McDonald’s has put its cooking practices on display with a video showing how the McRib sandwich is made.
The video is part of a massive marketing campaign that McDonald’s launched in the US last year to shed light on its often-criticised food sourcing and processing practices.
This particular video is in response to a photo of a frozen McRib patty that went viral on social media.
The company invited high school teacher Wes Bellamy, who had tweeted about the photo, to take part in the video.
“I’m a sceptic,” Bellamy announces at the beginning of the video. By the end, he is devouring a freshly cooked McRib, licking his fingers and asking for a second serving.
The video appears heavily scripted at times, but it still gives consumers a peek inside a McRib factory that we’ve never seen before.
It begins by showing us the boneless pork shoulder that McDonald’s uses in the McRib.
“There’s no bones, no gristle, it’s all meat,” former “Mythbusters” host Grant Imahara says in the video.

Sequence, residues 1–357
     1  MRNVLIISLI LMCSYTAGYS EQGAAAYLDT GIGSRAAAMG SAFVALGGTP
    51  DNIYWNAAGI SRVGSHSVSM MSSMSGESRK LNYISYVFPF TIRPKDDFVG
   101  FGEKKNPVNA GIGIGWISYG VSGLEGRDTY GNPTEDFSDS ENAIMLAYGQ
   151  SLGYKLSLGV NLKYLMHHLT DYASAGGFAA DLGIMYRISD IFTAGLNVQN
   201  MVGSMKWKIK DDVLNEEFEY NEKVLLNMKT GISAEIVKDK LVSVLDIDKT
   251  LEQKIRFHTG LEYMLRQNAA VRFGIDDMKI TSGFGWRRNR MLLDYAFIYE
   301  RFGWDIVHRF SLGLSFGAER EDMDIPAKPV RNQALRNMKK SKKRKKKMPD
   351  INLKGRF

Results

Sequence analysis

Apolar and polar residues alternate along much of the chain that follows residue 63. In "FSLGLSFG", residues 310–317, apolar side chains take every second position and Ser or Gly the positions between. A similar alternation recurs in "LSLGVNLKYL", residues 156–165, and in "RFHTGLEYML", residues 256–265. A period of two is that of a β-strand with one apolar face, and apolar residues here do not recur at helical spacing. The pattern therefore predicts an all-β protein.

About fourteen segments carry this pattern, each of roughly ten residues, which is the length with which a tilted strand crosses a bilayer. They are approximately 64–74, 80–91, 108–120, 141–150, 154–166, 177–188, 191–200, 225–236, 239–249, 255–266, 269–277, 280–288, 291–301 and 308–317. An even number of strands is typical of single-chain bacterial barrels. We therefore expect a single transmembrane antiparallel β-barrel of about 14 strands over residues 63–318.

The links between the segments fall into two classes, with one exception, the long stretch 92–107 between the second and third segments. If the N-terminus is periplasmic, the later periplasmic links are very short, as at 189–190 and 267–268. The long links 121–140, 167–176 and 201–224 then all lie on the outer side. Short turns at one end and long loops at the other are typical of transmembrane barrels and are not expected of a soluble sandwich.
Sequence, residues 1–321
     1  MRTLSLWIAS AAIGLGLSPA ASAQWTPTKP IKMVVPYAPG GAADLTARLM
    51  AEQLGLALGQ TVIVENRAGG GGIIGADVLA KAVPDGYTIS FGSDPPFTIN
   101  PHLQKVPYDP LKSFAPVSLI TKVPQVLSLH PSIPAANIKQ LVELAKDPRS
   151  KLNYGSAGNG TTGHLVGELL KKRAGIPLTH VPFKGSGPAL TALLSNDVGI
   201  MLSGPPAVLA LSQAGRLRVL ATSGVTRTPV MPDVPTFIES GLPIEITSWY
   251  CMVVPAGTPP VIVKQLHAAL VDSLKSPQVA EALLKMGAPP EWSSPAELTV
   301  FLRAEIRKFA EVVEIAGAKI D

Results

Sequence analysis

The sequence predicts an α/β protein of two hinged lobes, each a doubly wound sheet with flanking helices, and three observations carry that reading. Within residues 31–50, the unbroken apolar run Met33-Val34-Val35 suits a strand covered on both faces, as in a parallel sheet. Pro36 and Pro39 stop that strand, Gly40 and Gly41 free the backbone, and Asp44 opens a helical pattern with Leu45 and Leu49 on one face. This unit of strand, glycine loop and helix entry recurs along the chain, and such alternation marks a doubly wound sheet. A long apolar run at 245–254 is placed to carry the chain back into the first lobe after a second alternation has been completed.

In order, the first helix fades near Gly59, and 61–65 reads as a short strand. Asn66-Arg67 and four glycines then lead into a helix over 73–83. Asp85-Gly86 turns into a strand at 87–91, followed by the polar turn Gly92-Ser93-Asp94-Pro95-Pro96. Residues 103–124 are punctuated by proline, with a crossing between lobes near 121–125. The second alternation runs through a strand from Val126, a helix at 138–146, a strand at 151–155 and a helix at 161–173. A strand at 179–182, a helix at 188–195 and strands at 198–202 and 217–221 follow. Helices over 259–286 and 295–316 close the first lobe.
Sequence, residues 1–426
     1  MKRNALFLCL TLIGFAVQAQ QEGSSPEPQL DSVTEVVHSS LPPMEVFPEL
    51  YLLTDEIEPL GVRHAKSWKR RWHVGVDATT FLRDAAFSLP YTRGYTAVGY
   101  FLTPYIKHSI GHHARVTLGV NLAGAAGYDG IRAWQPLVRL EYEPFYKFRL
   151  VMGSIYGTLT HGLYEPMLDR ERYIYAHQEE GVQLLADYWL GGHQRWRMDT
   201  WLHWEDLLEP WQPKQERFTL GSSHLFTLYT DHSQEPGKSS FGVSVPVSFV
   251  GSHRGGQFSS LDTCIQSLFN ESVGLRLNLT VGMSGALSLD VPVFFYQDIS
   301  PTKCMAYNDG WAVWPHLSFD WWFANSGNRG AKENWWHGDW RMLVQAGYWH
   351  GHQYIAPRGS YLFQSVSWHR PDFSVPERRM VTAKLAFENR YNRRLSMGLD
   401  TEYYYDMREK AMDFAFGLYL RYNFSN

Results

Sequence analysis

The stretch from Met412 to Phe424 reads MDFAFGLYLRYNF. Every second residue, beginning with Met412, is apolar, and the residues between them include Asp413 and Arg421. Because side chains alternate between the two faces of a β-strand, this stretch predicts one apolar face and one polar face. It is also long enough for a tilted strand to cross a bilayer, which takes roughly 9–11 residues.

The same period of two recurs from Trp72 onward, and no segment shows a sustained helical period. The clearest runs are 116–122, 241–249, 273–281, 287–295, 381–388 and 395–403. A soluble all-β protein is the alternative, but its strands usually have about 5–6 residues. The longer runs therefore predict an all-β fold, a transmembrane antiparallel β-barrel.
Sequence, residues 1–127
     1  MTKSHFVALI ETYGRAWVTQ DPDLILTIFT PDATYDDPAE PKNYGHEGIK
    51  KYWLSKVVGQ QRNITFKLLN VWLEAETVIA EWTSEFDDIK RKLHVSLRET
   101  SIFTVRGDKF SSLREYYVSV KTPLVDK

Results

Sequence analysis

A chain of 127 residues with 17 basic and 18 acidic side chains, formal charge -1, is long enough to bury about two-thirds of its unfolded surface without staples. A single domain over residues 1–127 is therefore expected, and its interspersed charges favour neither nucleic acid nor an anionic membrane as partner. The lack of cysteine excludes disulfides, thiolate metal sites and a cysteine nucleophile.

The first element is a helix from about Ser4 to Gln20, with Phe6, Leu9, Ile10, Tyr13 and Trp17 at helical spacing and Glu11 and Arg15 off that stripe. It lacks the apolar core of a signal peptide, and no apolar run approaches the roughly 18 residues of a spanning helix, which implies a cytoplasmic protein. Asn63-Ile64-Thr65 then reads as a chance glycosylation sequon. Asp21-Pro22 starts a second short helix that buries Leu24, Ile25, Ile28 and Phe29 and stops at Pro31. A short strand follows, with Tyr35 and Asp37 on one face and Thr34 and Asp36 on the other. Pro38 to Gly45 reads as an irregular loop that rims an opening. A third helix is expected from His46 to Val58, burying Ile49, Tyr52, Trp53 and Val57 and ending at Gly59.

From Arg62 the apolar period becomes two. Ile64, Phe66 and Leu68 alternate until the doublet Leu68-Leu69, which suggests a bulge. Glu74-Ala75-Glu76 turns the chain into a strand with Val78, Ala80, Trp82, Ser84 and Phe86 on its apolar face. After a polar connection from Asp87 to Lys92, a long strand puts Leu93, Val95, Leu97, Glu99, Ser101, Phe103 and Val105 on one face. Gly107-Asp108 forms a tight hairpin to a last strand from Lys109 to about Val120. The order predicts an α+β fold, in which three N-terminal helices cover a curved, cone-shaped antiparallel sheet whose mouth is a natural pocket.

The meat is then dumped into a vat where it is finely ground.
A worker adds salt, dextrose (a type of sugar) and preservatives to the ground meat. The preservatives include BHA, propyl gallata, and citric acid.
The preservatives are used to “to lock in the flavour all the way to the restaurant,” according to the video.
Here’s an aerial view of the factory. On the far right, the ground meat is dumped onto a conveyer belt. On the far left, the meat is formed into the familiar McRib shape.
Here’s a closer look at the part of the factory where the McRib shapes are made.
Workers inspect the meat to make sure all the shapes look the same.
A mist of water is added to the meat to keep it from dehydrating when it’s flash frozen.
Here’s what the meat looks like after it’s frozen.
After being cooked, the meat is soaked in McDonald’s barbecue sauce in a warmer. The sauce contains tomato paste, onion powder, garlic powder chilli pepper, high fructose corn syrup, molasses, salt, sugar, distilled vinegar, xanthan gum, soybean oil, modified, food starch, caramel colour, beet powder, sodium benzoate, and water.
Here’s what the finished product looks like.
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